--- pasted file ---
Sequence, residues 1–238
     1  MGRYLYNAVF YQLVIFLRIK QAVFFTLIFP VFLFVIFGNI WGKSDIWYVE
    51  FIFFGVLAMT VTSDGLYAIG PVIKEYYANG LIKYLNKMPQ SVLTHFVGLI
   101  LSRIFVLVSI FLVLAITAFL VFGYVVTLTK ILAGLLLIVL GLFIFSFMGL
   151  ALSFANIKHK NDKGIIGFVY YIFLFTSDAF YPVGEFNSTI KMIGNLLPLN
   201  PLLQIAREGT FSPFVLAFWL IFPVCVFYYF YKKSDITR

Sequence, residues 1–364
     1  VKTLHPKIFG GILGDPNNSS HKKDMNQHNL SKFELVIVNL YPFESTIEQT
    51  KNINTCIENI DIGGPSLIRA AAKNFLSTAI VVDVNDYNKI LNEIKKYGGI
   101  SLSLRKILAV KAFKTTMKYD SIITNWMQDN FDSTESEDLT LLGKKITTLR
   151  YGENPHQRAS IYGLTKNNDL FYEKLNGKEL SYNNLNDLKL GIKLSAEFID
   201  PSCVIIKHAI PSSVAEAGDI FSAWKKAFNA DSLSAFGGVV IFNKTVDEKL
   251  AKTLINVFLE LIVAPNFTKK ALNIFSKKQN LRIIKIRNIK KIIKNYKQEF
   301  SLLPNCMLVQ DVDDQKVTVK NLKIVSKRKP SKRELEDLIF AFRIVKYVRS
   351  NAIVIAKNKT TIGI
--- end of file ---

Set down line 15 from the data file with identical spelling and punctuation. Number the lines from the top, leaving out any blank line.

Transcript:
   351  NAIVIAKNKT TIGI